Plants Add Lasting Beauty and Soothe Grief

Black Eyed Susan

A brilliant harbinger of summer with a long lasting biannual bloom.

Many years ago word came that a dear friend had tragically died in Utah, over a thousand miles from our Iowa home.  With deep feelings of grief of the loss of a vibrant young woman I (Rich) felt the need to “do something for her.”

We were in the process of restoring prairie to a bare patch of ground on recently purchased piece of land at the Indian Creek Nature Center.  A bag of prairie wildflowers perched against my office wall caught my eye.  I grabbed the bag, walked to the meadow and scattered the seeds in the woman’s honor.

The seeds thrived.  Now, a dozen years later they grace the prairie with color and restore memories of my friend. We shared this story with our friend’s husband who was moved. So, we decided to share our way of honoring and memorializing ones dear to us.

Planting flowers, shrubs, and trees in a yard or park is an outstanding way to reduce grief, maintain memories, honor someone, and make our world healthier and more vibrant.

Royal Catch Fly

What a stunner!

Swallow Tail On Purple Cone

Sipping nectar

Purple Coneflowers

Purple Coneflowers add color to a prairie.

Prairie Ballerina

Periodically readers send lovely essays and observations of their Wondrous Yards.  Below is a poetic piece by Katrina Garner.

“One of the benefits of creating and maintaining burn barriers around prairie areas is that the resulting “pathways” provide the perfect opportunity to observe the prairies from all sides.  Every morning I head out with our Lab Schatzie for our long daily walk around the property, letting Schatzie choose our route.  Sometimes she startles a deer, and sometimes a turkey blasts out of the grasses right in front of us.  Schatzie holds on to the hope that one day she’ll actually catch one of the hundreds of rabbits who manage to stay just out of her reach.  Always there’s a chorus of bird songs, blending together like a pastoral symphony, to remind me to focus on nature’s sounds.

Prairie Ballerina

Capturing the essence of prairie blooms.

“I have my phone handy in case I see the perfect view for a future landscape painting.  One day this past week we were ending the walk along the path between our first prairie planting and the pollinator strip next to it.  The house was above us beyond the prairie.  Our farm is named “Himmelhof,” a phrase coined by a friend of ours as an approximate Austrian translation for “House in the Heavens.”  Seen from many points on the property, the house does seem to “float” above the prairie, and I’m particularly fond of those views of the house.  At this point in our walk, the coneflowers and Black-eyed Susans were plentiful and at their peak, so I took out my phone and framed my photo to capture the “floating house” with colorful flowers in the foreground.

“A few days later, going through the recent photos on a larger computer screen, I was startled to see what looked like a ballerina with her arms raised to the heavens and her face turned towards the sun.  If I wished to be pragmatic, I would acknowledge the fact that “she” was a cup-plant (Silphium perfoliatum) just masquerading as a fairy ballerina.  However, the romantic in me chooses to see my prairie ballerina fairy as a joyful, whimsical reminder that I should always keep my mind and heart open to the beauty of the nature around me.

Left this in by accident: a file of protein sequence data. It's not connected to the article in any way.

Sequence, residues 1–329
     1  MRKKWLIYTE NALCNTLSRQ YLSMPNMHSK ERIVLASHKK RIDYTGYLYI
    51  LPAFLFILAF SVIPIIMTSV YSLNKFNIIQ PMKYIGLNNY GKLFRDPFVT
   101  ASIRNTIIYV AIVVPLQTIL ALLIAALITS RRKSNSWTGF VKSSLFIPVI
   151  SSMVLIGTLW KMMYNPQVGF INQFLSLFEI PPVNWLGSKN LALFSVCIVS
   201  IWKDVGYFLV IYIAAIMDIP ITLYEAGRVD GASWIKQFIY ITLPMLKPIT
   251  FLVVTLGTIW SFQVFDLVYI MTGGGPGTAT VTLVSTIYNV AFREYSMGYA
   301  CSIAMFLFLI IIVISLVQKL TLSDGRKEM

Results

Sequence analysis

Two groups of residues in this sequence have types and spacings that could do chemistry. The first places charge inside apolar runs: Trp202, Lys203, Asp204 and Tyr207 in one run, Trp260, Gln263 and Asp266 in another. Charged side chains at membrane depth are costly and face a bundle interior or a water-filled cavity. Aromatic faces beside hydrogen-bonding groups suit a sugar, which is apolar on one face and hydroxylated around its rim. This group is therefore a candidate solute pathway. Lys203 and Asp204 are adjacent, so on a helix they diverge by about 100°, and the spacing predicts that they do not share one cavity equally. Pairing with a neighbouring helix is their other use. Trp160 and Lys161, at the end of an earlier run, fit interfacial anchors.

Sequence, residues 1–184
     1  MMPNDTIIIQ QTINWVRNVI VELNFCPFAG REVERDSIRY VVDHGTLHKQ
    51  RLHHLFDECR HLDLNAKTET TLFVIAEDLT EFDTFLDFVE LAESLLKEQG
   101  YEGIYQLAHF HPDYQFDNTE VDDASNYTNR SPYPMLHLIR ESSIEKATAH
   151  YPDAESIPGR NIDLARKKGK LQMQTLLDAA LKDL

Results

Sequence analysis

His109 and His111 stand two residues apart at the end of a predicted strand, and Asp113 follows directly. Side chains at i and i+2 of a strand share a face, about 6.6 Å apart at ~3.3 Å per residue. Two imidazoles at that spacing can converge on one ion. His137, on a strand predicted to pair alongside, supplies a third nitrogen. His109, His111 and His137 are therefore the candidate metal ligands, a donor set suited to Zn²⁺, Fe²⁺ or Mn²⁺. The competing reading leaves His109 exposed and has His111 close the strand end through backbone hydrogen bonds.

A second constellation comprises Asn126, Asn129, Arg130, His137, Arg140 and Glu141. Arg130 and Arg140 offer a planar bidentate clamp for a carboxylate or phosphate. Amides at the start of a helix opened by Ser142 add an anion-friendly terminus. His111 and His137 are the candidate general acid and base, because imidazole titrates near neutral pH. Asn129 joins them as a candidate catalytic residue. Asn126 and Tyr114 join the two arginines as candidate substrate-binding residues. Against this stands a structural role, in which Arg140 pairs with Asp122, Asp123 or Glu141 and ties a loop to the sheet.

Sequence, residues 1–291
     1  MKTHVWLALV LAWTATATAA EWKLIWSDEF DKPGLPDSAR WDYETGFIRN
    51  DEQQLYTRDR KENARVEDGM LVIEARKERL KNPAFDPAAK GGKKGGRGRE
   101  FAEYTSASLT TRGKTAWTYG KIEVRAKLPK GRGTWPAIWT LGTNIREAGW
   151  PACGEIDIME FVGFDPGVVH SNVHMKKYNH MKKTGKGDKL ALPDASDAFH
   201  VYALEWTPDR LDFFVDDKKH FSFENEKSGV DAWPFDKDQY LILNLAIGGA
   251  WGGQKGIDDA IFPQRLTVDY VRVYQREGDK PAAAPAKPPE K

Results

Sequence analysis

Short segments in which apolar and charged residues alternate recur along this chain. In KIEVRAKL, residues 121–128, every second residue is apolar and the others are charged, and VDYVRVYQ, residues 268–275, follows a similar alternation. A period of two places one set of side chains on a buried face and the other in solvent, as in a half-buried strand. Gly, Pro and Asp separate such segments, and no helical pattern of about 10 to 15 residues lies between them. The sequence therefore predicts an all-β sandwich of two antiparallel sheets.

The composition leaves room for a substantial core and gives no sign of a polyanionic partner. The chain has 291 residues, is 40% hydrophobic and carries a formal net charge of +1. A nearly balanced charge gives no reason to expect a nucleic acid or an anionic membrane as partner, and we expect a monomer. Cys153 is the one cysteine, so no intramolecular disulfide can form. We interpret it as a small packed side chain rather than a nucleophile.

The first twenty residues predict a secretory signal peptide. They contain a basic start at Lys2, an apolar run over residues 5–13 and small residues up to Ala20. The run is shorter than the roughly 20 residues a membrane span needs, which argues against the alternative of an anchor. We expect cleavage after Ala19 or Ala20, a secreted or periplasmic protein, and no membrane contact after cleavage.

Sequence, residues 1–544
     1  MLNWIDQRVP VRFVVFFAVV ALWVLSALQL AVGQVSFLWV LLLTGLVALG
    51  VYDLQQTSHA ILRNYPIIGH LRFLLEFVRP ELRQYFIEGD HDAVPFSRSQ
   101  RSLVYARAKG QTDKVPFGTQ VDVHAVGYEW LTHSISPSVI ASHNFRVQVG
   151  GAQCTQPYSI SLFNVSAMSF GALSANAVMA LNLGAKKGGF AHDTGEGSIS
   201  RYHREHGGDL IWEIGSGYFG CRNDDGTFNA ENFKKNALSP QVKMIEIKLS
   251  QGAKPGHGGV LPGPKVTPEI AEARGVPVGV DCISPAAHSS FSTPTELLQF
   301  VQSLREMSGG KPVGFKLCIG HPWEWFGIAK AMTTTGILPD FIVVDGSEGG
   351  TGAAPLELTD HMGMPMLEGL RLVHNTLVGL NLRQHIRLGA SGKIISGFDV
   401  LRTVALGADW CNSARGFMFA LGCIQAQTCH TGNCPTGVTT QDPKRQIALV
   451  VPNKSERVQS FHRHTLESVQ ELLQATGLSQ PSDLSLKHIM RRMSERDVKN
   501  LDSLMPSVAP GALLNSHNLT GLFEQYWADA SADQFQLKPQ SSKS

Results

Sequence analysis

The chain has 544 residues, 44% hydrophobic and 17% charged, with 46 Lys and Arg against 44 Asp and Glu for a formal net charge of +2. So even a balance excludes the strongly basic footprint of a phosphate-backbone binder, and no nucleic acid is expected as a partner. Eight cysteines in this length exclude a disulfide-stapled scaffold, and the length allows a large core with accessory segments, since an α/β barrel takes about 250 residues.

Katrina Garner, July, 2016″

Keep sharing about your lovely spaces, folks!  Thanks, Katrina.

Summer Reading

Take in some great summer reading! Cornelia (Connie) Mutel, Winding Pathway’s good friend, sent us her most recent book, A Sugar Creek Chronicle: Observing Climate Change from a Midwestern Woodland.

Her book weaves three themes together that encourage readers to enjoy woodlands and embrace actions to lessen climate change.

Connie is a gifted nature writer who transforms her observations into delightful prose that reminds us of Joseph Wood Krutch‘s style. Her book is a pleasant way to learn about and enjoy a woodland as it progresses through seasons and responds to weather.

As the title implies, she relates changes in her woods caused by climate change. Nature is neither politically correct nor untruthful. A knowledgeable observer, as the author is, recognizes alarming signals of a warming planet communicated by vegetation and wildlife but often unnoticed by those less informed.

Finally, she weaves her personal story into a blend of woodland delight and climate concern. She bemoans her reliance on fossil fuel to get to and from work and to run her air conditioner, expresses joy at sharing woodland hours with grandchildren, and relates her long term cancer relationship with earth health.

Sugar Creek Chronicle is a lovely book about a serious environmental threat. Perhaps its major virtue is how the author blends joy of nature’s beauty, concern about the planet’s future, and a love of life that encourages readers to lessen  the impact of climate change.
University of Iowa Press Bur Oak Series
ISBN: 978-1-60938-395-4

Marion’s all time favorite summer series is by Jean Craighead GeorgeMy Side of the Mountain, The Far Side of the Mountain, and Frightful’s Mountain.

Other good books to read this summer:
The Intelligent Optimist”s Gide to Life.  Jurriaan Kamp. Berrett-Koehler Publishers, Inc. 2014. ISBN: 978-1-62656-275-2

Places of Quiet Beauty: Parks, Preserves and Environmentalism. Rebecca Conrad. University of Iowa Press. ISBN: 0-87745-558-9